MP Pat Martin unapologetic for F-bomb tweets

Parliamentarians were all atwitter over Manitoba MP Pat Martin's use of off-colour language in a tweet after the Conservative government ended debate on a bill to implement last spring's federal budget.

Fellow MPs show mixed feelings about NDPer's 'expression of frustration'

MPs react to NDP MP Pat Martin's use of the f-bomb on Twitter to express his frustration over a budget vote. 3:43

Parliamentarians were all atwitter Thursday over Manitoba MP Pat Martin's use of off-colour language in a tweet after the Conservative government ended debate on a bill to implement last spring's federal budget.

Although Twitter demands a judicious use of language with 140 characters per tweet, a few select words appeared on Martin's Twitter feed Wednesday.

"This is a f--king disgrace ... closure again. And on the Budget! There’s not a democracy in the world that would tolerate this jackboot sh--."

When another tweeter called Martin a "foul mouth socialist," the response was "f--k you."

Later, another critic was invited to "eat my shorts."

Martin was unapologetic Thursday.

Some colourful language appeared on the Twitter feed of NDP MP Pat Martin. (Sean Kilpatrick/Canadian Press)

"I don't think I owe anybody an apology. It was a genuine sincere expression of frustration and the public should take note: There's something very wrong going on here in Ottawa."

"It's industrial language. I'm not the first guy to use that term, that phrase, frankly. I'm a construction worker by trade. It's the way we communicate with each other," he said.

But Conservative MPs condemned Martin's choice of language.

On CBC's Power & Politics with Evan Solomon, Conservative Tom Lukiwski said Martin's language crossed a line. He noted that Martin was in his seat in the Commons when he made the tweet, and called on Commons Speaker Andrew Scheer to issue a ruling on whether such use of Twitter is appropriate.

Earlier Thursday, Saskatchewan Conservative Garry Breitkreuz (Yorkton-Melville) called it unparliamentary.

"This is uncalled for. It doesn't merit any comment on my behalf. I don't think he's really generating respect for what happens here in Parliament."

Unparliamentary language

There are rules about the use of language in the House of Commons, although whether these extend to the Twittersphere, even when tweeted from the House via a Parliament-issued Blackberry, is unclear. For the record, a bit about language in the House:

"The use of offensive, provocative or threatening language in the House is strictly forbidden. Personal attacks, insults and obscene language or words are not in order.

"In dealing with unparliamentary language, the Speaker takes into account the tone, manner and intention of the Member speaking; the person to whom the words were directed; the degree of provocation; and, most importantly, whether or not the remarks created disorder in the Chamber. Thus, language deemed unparliamentary one day may not necessarily be deemed unparliamentary on another day."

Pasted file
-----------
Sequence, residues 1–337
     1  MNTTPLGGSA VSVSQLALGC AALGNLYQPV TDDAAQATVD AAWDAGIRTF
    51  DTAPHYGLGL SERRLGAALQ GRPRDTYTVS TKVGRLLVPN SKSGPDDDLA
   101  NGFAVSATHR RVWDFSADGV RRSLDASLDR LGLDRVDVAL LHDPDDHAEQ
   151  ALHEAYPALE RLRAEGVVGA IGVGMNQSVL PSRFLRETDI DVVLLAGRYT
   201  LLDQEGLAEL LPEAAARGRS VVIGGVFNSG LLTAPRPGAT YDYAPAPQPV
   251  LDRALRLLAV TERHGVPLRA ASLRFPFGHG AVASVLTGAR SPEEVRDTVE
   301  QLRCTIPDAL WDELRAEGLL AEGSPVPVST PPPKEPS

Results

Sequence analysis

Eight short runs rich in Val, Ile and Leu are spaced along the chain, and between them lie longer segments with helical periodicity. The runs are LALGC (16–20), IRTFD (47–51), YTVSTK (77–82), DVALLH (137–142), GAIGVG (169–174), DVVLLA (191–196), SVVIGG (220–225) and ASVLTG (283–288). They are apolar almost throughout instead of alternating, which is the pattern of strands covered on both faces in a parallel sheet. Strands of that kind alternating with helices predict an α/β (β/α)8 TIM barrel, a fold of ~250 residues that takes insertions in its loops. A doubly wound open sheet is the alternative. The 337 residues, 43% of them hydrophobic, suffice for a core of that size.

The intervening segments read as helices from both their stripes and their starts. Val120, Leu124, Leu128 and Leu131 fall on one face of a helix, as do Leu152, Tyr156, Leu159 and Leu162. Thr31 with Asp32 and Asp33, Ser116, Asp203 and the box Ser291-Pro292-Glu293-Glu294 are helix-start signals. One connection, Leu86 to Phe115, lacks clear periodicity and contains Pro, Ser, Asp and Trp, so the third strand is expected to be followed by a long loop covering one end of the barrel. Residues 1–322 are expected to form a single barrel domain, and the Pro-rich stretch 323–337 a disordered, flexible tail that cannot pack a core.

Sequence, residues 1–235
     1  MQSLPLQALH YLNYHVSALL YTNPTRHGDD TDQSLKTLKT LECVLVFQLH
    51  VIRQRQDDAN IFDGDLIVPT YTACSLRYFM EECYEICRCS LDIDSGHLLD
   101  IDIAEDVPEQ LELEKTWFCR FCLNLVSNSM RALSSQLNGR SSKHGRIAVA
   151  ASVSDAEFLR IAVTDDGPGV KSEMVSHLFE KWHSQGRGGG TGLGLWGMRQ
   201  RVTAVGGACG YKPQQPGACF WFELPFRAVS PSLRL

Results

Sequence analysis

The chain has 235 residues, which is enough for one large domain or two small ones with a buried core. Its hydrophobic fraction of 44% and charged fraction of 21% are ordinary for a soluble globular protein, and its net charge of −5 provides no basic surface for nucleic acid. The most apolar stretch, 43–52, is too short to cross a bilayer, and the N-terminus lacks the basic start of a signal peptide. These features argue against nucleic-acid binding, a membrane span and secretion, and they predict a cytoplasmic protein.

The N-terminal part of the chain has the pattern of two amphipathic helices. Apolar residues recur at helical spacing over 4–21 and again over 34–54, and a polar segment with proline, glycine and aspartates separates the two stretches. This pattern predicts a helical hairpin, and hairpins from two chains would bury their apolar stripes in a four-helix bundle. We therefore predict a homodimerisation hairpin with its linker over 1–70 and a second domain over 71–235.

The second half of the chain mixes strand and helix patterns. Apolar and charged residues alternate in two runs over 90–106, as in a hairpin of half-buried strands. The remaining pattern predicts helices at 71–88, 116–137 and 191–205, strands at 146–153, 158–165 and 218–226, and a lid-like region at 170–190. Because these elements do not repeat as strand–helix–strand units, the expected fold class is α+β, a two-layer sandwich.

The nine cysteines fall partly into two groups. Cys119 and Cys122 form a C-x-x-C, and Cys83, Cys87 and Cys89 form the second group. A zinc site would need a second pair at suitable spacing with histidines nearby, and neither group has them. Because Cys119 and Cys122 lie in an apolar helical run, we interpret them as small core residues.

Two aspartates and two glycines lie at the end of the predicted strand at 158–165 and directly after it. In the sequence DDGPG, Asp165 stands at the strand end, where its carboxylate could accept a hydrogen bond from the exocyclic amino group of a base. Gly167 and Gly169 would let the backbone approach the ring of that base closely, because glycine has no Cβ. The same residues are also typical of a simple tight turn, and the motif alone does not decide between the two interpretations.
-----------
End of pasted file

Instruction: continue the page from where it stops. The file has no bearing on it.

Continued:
From the Rules of Debate 

Conservative MP Harold Albrecht (Kitchener-Conestoga) said he didn't know whether the matter had been raised with the Commons Speaker.

"At the end of the day I would hope that Pat would rethink his use of inappropriate language in an environment that should be a model for co-operation. We all get frustrated. But to use that kind of language, I'm sorry, it's inappropriate."

Public Safety Minister Vic Toews went further.

"It's disgusting. Nothing is going to happen. I think that everyone should simply recognize the guy for the idiot he is and simply move on," Toews said.

Martin, NDP MP for Winnipeg Centre, added another tweet Thursday to confirm his account was not hacked — his earlier language on Twitter had simply reflected his anger with the Tories.

"Nope. Not hacked. Just truly p---ed off ... you should have seen them last night laughing and joking in their smug ignorance," he said of the governing Conservatives.

Fellow NDP MP Charlie Angus defended him.

"I think it is a disgrace what's happening [in Parliament]. I've never seen a bunch of guys that are so angry that they have power," Angus said. "They come in here, they shout, they heckle, they shut down committees, they go in camera. They're like spoiled brats. So right on Pat. He called it what it is. People need to know."

'The people of Canada will judge'

Liberal MP Carolyn Bennett said she shared Martin's frustration with the government's moves to curtail debate, even if she didn't condone his method of expression.

"The people of Canada will decide. I wouldn't do it. It's obviously an expression of tremendous frustration and the people of Canada will judge," Bennett said.


Was Pat Martin out of line? Take our survey.


But Breitkreuz said it was the opposition who wasn't being serious.

"If the NDP truly wanted to have a serious debate on this, they wouldn't be employing all these tactics to basically shut down debate [on the bill]," Breitkreuz said. "Because they played games, that debate was shortened."

Bill C-13 is the seventh bill on which the government has moved time allocation this session, and Wednesday was the second time the government has used time allocation to limit debate on Bill C-13 itself.

Government House leader Peter Van Loan said Thursday that the House has been debating the budget since it was first introduced last March.

"We're now almost near the end of 2011 and it's about time that we implemented this budget," Van Loan said. "The real issue is we've had the broadest debate I've ever seen on any budget in Canadian history, including a full election on the subject."

Martin said interim NDP leader Nycole Turmel probably wishes he had used different language, but said he's faced no disciplinary action, and he'd use the word again.

"There's something seriously fundamentally wrong here in Ottawa and if it took an f-bomb to draw attention to it so be it," Martin said.